Manu Barot is well-known in Gujarat’s auto hub Sanand, about 25 kilometres from Ahmedabad, for everything from selling water pouches to becoming a philanthropist. During the Covid period, Despite the lockdowns, Barot became well-known outside of Sanand when he distributed food grains to a community kitchen and fed over 1,000 people every day.
Not only has he worked to end human poaching, but he has also worked to end bird poaching in the Nal Sarovar bird sanctuary. He convinced locals who were involved in the sanctuary’s killing of exotic birds to give up their “profession” and rehabilitated them into other respectable occupations.
When Barot was a kid, he helped his father by selling water pouches at the Sanand ST bus terminus. He excelled in school and was one of the few in his community to graduate. He opened a paan shop in Sanand because he couldn’t find a proper job. It became a sort of meeting place for the locals, and he was regularly updated on everything that was going on.
When he noticed that his customers distributed sweets when a boy child was born in the family, but never when a girl child was born, he decided to do something about it. As a result, he started a campaign in his village called “Save the Girl Child.”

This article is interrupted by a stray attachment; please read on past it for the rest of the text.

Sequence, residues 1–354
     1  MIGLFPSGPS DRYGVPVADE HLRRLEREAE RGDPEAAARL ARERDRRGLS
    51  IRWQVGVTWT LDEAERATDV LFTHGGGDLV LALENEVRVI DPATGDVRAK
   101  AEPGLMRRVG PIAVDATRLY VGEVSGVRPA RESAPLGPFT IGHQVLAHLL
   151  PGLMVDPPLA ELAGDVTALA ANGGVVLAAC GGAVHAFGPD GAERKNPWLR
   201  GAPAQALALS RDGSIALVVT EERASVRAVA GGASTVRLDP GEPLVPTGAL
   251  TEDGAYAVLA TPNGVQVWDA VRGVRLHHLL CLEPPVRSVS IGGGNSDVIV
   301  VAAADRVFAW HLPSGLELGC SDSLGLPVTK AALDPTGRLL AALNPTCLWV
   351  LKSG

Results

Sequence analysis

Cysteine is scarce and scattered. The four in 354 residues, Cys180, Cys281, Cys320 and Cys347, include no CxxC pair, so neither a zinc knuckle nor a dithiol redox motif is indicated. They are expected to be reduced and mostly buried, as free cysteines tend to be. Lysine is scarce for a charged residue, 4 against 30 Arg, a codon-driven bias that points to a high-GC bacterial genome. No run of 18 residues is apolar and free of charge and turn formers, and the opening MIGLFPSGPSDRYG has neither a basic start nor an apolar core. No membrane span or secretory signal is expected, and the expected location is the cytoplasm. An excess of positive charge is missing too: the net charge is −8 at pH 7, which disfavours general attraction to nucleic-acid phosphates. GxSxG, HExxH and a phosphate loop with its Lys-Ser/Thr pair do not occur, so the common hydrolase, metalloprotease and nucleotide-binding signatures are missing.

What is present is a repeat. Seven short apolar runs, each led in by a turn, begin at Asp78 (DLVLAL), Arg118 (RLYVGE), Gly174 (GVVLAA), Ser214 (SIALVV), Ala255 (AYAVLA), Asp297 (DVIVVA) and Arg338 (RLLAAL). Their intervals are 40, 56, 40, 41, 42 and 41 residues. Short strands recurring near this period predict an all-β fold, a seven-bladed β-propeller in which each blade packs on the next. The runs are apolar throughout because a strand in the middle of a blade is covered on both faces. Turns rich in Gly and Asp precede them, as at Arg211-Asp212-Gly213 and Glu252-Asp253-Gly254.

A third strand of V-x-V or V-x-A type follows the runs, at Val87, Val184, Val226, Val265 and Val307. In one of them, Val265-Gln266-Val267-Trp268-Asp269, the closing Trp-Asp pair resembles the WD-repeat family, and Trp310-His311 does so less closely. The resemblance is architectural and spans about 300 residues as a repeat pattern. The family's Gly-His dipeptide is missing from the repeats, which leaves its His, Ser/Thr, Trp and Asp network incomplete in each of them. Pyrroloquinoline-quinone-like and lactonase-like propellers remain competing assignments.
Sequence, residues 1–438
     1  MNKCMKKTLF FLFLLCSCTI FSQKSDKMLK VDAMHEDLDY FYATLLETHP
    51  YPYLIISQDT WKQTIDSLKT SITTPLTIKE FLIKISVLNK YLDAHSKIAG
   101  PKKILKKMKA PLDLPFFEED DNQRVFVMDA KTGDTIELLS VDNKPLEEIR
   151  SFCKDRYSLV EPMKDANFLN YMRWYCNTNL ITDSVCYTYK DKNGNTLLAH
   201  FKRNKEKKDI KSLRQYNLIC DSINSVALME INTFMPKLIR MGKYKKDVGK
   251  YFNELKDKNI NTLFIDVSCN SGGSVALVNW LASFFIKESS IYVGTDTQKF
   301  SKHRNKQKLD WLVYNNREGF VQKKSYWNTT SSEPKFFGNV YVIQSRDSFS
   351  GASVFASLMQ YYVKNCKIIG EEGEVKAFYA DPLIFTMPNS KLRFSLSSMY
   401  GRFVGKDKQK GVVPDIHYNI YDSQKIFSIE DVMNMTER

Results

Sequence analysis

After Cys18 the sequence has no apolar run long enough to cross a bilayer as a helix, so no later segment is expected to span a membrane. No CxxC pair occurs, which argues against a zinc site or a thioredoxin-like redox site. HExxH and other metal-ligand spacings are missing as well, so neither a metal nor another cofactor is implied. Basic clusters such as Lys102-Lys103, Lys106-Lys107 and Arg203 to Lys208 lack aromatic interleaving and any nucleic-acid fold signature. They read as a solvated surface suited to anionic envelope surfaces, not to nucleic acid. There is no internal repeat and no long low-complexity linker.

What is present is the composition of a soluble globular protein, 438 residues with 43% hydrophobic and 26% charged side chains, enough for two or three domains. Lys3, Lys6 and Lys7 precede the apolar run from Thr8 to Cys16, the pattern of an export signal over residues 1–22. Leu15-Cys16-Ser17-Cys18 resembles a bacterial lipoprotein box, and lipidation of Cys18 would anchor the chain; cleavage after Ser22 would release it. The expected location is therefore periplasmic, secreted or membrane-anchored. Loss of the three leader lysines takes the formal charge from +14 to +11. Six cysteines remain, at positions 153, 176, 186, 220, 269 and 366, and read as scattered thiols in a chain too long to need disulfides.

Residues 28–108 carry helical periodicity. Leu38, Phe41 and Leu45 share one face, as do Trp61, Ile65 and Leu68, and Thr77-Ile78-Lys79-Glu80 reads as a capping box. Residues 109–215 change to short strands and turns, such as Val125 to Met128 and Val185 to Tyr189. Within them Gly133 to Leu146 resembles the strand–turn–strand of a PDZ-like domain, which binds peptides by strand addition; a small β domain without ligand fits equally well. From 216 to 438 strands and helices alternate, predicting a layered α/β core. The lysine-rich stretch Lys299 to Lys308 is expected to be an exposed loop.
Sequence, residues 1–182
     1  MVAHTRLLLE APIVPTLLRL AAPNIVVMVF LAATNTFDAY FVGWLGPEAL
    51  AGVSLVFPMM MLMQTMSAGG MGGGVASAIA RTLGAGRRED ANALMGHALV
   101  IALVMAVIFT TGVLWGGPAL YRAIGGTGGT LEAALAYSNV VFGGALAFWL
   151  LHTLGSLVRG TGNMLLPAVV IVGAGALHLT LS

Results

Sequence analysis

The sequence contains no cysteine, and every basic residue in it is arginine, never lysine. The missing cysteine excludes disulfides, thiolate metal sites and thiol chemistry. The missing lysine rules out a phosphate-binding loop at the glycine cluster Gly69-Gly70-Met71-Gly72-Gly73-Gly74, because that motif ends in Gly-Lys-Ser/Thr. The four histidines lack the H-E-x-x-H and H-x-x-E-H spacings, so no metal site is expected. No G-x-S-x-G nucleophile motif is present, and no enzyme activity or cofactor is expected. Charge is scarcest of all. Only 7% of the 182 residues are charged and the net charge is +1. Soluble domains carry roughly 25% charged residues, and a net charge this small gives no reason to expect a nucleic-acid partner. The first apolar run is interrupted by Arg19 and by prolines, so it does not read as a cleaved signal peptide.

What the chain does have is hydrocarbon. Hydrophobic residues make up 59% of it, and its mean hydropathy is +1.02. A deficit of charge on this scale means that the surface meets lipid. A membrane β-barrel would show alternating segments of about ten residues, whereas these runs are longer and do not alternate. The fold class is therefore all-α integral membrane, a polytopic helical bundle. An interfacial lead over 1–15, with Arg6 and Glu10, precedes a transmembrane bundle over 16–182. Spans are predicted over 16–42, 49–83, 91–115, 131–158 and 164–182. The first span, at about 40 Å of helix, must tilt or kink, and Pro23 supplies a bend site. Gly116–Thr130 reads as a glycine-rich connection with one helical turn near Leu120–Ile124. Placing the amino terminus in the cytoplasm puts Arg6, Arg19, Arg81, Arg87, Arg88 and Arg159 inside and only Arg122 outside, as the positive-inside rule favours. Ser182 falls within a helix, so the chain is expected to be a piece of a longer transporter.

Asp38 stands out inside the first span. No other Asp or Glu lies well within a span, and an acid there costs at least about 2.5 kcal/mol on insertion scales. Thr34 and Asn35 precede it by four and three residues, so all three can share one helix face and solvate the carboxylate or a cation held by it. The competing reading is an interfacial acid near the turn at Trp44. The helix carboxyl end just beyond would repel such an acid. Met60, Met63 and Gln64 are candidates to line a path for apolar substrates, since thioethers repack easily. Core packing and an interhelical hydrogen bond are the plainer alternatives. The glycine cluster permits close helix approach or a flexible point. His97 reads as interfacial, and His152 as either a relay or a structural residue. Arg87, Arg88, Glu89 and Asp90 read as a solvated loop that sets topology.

He also gave food to the poorest of the poor who couldn’t afford two meals a day.
Over time, he earned a reputation as a man who supports noble causes and rushes to assist those in need.
Sanand’s efforts were greatly helped when Tata Motors arrived in town. When his social work was discovered, company officials provided him with CSR funds. With the funds, Barot established Manav Sewa Trust, broadening the scope of his social work.
The trust now supports 20 widows without children by providing them with a yearly ration and clothing. Manu didn’t stop there, though. All of these women were travelled to Haridwar and Rishikesh by him. He says, “The joy on their faces gave me great satisfaction.”
He regularly organises cleanliness campaigns in Nal Sarovar and Gir Sanctuary by involving children to clear garbage left behind by tourists. He even provides education to local snake charmers’ kids who roamed around when their parents were away to earn money.
Last week, Morari Bapu launched a book “Prernapanth no Pravasi” on Manu Barot’s life and work.
Bapu, who has been to Nal Sarovar and knows about Barot’s work, described him as “a short man, without any post who has traversed a long distance for humans and humanity” while speaking on the occasion.